I loved how Bob played with colors like a real artist. We had the gloomy walls of various buildings offset by Marta's bright flowers outside her windows, which is a statement about HER in this world, or at least how she stands out to Albert. The flowers almost bring a sense of new life, comfort, charm, and love in an old dying world. The inside of her bedroom was also colorful and beautiful, like a heavenly oasis. That's what it was to Albert. And then when the borders are closed we're not only robbed of color, but we also dive deep into the even darker gloominess of Russia, which forces us to visually long for Marta as much as Albert longs for her emotionally, until at the end, we, of course, return to the colorful oasis of Marta and her beautiful world. There was also the visual statement about the hospital system in Russia with the circular wards, as if to say that they're spinning their wheels and failing to move forward, and that is contrasted with the cold, imposing, monolithic-looking structures of the very structured Ministry of Labor and Meat Processing Factory. You have the images of Albert trying to stand out with his not well fitting suit amidst crowds of working class poor. The classical music was carefully chosen to complement the mood of the scenes, and I particularly enjoyed the idea of Bach's "Ode to Joy" on Katarina's birthday. There were other examples, but these stood out to me.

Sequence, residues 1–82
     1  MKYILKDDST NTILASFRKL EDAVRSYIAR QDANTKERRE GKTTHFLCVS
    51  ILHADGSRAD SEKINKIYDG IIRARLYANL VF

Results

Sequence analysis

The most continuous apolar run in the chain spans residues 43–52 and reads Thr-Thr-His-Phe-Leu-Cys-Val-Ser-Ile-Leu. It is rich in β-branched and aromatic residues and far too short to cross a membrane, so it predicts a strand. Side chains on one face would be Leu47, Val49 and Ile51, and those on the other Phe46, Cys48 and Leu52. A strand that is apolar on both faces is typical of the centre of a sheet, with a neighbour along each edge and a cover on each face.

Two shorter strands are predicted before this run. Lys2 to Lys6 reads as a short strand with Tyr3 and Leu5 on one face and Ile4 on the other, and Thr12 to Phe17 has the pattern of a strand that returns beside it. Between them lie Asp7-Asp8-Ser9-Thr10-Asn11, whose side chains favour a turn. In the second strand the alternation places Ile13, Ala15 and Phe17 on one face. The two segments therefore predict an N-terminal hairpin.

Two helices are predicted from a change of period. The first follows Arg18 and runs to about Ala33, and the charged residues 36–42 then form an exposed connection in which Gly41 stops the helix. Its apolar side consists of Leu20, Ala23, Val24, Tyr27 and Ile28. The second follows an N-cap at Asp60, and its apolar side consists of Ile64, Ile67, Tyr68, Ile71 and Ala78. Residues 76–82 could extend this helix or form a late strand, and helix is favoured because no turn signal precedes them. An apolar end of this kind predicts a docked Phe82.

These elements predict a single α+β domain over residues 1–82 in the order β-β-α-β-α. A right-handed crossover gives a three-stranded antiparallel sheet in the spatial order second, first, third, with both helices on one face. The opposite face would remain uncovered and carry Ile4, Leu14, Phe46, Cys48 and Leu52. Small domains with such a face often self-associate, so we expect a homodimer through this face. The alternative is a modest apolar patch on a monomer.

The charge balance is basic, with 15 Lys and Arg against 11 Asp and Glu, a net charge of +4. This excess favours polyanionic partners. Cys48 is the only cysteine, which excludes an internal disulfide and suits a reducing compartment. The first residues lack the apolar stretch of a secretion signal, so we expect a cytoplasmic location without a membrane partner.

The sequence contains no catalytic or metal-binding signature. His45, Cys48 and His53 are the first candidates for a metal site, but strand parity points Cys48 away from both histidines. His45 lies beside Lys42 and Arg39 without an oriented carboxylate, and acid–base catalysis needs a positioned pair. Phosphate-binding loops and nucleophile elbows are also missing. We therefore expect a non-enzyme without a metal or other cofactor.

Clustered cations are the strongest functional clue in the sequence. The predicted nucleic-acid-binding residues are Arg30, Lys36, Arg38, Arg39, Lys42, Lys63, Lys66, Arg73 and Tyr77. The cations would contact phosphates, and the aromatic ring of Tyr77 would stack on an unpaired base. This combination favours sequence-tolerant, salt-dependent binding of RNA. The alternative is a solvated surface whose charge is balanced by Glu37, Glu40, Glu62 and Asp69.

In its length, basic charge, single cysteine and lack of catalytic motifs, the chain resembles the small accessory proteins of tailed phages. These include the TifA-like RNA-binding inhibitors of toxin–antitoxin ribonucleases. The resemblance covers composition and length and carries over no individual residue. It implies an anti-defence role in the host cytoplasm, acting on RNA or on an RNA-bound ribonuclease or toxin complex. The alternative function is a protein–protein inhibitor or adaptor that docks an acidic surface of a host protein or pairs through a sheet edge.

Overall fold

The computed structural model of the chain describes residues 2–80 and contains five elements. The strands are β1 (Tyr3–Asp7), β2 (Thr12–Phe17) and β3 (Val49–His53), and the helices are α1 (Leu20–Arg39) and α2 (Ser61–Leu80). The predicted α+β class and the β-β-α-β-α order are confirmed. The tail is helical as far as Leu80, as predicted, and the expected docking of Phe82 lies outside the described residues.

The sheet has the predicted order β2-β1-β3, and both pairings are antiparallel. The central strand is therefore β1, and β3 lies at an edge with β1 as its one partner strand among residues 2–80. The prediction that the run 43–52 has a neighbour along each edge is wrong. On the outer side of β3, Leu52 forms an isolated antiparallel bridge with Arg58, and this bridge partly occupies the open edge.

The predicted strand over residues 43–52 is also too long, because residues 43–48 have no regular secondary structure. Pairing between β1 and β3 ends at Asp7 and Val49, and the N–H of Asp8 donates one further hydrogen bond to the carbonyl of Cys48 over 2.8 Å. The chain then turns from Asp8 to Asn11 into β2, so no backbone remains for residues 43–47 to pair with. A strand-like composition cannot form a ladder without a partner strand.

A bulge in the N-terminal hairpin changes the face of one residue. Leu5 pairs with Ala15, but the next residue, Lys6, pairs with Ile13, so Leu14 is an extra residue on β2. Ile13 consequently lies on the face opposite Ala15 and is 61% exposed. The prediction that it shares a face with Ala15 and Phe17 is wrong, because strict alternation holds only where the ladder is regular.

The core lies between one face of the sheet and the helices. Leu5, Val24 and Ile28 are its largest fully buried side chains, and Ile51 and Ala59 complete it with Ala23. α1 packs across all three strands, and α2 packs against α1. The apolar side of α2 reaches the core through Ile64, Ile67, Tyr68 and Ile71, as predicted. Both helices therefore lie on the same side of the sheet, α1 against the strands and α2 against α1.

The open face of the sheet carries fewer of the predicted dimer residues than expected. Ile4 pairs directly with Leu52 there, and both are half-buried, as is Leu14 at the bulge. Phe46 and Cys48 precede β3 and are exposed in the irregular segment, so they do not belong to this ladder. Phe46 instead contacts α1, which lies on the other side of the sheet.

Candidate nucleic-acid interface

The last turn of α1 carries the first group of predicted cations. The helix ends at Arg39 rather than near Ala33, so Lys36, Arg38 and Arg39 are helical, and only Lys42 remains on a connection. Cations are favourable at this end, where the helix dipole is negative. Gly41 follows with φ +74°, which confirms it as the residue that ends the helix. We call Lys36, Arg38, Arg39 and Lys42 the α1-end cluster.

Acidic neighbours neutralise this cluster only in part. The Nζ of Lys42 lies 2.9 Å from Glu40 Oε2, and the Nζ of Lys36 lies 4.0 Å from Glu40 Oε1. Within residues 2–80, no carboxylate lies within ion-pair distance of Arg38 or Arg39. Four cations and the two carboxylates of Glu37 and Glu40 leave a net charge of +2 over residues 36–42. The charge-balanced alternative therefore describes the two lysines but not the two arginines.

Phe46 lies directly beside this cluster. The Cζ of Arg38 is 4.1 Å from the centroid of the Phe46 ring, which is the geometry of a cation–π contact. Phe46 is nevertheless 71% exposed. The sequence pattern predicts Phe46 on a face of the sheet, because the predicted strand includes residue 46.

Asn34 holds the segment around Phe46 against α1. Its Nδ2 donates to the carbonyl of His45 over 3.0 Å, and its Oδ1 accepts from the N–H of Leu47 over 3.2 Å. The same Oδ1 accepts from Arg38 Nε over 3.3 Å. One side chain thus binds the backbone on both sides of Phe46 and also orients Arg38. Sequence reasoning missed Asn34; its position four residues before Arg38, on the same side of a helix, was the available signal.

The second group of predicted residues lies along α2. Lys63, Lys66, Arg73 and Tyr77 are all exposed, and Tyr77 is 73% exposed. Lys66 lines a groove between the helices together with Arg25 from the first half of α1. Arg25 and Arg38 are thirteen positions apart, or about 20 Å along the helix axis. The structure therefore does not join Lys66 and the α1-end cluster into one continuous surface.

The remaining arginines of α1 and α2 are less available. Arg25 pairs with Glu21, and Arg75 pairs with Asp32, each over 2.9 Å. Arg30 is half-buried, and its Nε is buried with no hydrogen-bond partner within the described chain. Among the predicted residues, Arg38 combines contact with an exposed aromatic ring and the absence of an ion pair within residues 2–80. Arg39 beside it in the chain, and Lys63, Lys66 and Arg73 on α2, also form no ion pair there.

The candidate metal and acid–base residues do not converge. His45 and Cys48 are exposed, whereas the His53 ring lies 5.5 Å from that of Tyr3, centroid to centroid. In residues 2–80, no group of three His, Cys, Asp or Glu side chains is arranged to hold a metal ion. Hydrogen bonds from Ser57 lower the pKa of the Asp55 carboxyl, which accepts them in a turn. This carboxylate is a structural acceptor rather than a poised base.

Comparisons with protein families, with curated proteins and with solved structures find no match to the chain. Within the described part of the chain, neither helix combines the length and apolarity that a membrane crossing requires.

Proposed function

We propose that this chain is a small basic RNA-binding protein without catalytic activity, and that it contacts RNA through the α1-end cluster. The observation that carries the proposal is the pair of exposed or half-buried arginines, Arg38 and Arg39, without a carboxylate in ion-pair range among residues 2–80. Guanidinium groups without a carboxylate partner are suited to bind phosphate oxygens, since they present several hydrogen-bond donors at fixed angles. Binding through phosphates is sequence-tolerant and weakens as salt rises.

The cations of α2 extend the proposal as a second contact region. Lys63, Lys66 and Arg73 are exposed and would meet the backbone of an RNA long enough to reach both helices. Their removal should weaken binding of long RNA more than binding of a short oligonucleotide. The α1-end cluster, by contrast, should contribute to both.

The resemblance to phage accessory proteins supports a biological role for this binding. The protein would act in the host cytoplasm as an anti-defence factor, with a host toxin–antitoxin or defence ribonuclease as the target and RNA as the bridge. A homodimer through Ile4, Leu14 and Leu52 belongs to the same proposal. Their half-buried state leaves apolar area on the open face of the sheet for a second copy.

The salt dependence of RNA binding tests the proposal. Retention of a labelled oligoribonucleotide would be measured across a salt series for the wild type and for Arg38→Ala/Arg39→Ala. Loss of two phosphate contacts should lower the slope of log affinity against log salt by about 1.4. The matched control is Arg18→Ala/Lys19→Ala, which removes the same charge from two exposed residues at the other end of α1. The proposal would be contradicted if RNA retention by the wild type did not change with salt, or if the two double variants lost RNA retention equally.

Okay, well, here are just a few minor suggestions for you, Bob: